The front door of my apartment is deceptively ornate and sturdy-looking. Many a worldly-wise visitor has remarked on it. I use the word deceptively because, in reality, that door stops only solids that have a volume of more than I cubic litre. Anything smaller and more fluid, not to mention light and sound, passes through it without any effort. At night, if the living room lights are off, you can see my front door bathed in a halo of light that streams in from the corridor lamps.
As for sounds, that’s another matter altogether. Let’s just say that a self-respecting secret agent wouldn’t have to actually press his ears to the keyhole to hear what’s happening inside – he just has to stand within a radius of 20 feet of the door and he’s a part of the conversation inside. Now, this is mighty stressful for me, you see, because I’m bringing up an adolescent whose temper is as fiery as mine. Our decibel levels are directly proportionate to our anger levels. And oh! Did I mention that we both share a flair for histrionics?
“You think I’m evil, don’t you?” he would ask, eyes streaming. I might just have pulled him up for hiding the fact that his notes were not complete. Or, “You’re killing me, ’Ma, you’re killing me.”
From me it would be something like “Now, that’s it. I’m going to whack you, Aditya. I’m going to make sure that you don’t repeat it,” or “I’ll skin you the next time you do that, Adu!” It doesn’t matter that I forgot the last time I’d touched him, expect for a hug or kiss – my words are violent enough. The self-respecting secret agent would have me behind bars in no time if he listens to one our more volatile conversations.
All that aside, when my neighbours’ kids – average age, five – decided to turn our corridor into a playground, my period of rest and recuperation became pure torture. They would ride their scooters or tricycles with abandon through our tiny corridor, with my front door as their abrupt stopping point; they would compete with each other in throwing a million building blocks from one end of the corridor to the other, and greet each throw with cheers – the games varied, but the venue and noise levels remained unchanged. I muttered under my breath about the gang that ensured that I don’t get my peace and quiet in the afternoons, and about their parents who allowed them to do that to me – but then, that did not change anything at all.
One day, as I was coming out from the lift, the lot of them stopped playing and looked at me till I opened my door and entered my home. Though this was a treatment meted out to every person passing through the corridor, I was filled with sudden remorse. It was unfair on my part to expect kids to not behave like kids, whatever that meant. So I decided to make up for my nasty thoughts by giving them some candies I had with me, something Aditya agreed wholeheartedly to do.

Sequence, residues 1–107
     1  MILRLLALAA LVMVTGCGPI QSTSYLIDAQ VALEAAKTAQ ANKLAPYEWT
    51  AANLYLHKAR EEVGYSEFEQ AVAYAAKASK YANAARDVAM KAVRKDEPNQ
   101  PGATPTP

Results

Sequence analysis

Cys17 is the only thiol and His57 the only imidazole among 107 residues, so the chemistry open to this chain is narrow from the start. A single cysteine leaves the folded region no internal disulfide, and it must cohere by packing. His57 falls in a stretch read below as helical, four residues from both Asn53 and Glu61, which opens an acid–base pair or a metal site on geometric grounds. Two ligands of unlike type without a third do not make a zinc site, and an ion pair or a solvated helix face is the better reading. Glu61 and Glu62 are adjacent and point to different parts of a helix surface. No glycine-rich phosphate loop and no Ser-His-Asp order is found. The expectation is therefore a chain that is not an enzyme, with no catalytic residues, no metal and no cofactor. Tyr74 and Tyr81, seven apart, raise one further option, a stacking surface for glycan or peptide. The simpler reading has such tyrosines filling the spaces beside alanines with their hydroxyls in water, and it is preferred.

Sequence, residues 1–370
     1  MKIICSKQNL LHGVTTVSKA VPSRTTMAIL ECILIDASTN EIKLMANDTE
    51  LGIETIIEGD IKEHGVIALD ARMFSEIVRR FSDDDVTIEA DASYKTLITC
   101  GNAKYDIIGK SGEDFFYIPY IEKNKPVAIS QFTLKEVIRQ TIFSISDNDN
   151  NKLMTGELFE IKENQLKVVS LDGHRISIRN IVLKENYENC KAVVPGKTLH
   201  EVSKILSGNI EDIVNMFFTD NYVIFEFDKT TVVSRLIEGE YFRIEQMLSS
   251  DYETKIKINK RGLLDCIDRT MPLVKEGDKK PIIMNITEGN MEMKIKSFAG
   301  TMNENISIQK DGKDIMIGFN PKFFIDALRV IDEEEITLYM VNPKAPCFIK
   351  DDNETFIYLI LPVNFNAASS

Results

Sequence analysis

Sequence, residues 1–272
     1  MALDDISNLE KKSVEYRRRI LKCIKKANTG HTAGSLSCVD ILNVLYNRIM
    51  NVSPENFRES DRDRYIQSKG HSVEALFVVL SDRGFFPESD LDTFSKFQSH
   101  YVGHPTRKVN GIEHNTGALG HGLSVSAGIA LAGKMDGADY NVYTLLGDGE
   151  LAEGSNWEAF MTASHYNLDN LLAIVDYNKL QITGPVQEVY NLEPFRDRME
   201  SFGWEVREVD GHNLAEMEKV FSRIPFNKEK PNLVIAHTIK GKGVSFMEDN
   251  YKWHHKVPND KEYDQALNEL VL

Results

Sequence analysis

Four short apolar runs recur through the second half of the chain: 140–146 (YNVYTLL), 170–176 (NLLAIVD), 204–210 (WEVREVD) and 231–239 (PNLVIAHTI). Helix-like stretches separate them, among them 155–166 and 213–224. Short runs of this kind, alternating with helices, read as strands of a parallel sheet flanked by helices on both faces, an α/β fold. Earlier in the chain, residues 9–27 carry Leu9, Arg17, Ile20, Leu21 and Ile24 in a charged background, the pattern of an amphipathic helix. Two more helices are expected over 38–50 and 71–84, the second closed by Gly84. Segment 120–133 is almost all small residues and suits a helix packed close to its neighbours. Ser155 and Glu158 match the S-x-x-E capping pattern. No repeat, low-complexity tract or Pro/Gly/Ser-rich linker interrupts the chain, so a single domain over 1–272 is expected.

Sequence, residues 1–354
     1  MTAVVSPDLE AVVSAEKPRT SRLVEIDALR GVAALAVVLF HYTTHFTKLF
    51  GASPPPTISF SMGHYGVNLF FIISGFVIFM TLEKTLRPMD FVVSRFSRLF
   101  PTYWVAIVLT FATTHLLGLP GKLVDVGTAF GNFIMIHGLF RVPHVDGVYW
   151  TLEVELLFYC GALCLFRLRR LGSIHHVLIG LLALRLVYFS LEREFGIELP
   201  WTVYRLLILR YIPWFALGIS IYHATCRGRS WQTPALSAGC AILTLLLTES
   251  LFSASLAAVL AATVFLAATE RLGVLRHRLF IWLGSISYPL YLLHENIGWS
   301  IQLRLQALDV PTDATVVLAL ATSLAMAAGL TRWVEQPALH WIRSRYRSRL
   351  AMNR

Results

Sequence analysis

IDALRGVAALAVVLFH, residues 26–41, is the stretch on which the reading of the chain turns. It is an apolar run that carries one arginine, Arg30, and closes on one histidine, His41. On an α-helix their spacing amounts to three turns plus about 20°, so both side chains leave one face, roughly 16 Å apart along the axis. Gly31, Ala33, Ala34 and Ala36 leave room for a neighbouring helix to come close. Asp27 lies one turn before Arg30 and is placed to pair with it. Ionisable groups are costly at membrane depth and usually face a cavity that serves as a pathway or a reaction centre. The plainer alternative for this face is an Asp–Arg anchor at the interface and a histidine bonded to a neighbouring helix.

The next day, they asked Aditya for candies when he came from school, and he gave them again. When I came, they asked the same of me. This happened the next day and the next day and the day after that – each time either of us passed through the corridor at that – until we ran out of both candies and patience. We had, in that single act of giving them the first set of candies, invited more stress than we could handle – not only were we expected to put up with the incessant noise, but with their constant demand for fodder as well. By then, it was more a game for them than an actual need for candies. Do I need to tell you the effect the situation had on our family?
Today, though, was the limit. This morning, as I walked out of the lift after a visit to the grocer, I was greeted by the collective stare from half-a-dozen pair of eyes as usual. Then the littlest boy of the lot decided to break the silence.
He came up to me and demanded, “You don’t have any more candies, do you?” I admitted that I did not.
A little girl who stood leaning on her scooter said with a superior air, “We don’t want, either.” For a moment I thought I didn’t hear right.
Before I could get over the statement, the littlest boy, ignoring her, continued in the same tone, “And you’re not going to buy any, are you?”
I decided to be firm. “No,” I said with what I hoped was finality. My throat suddenly felt dry.
“Well, then, no need. We’ll buy our own candy!” This was the girl, again.
“Yeah!” the boy echoed triumphantly. “We don’t need your candy, haha! We’ll buy our own.” This was followed by a round of laughter at my expense from the other miniatures standing there. Now my dry throat was accompanied by a thudding heart. I didn’t wait to hear the rest of what they said.
I rushed in through my much-battered front door as quickly as my dignity would allow and locked myself in with relief. Imagine being bullied by a bunch of five-year-olds! I’m sure that back in the eighties, my first day at the co-ed college after eleven years in a convent school had not been so stressful.
Sad, isn’t it? All these years of living have not provided me with the skills necessary to handle the current generation of kindergarten-goers! Now, what does that say about me?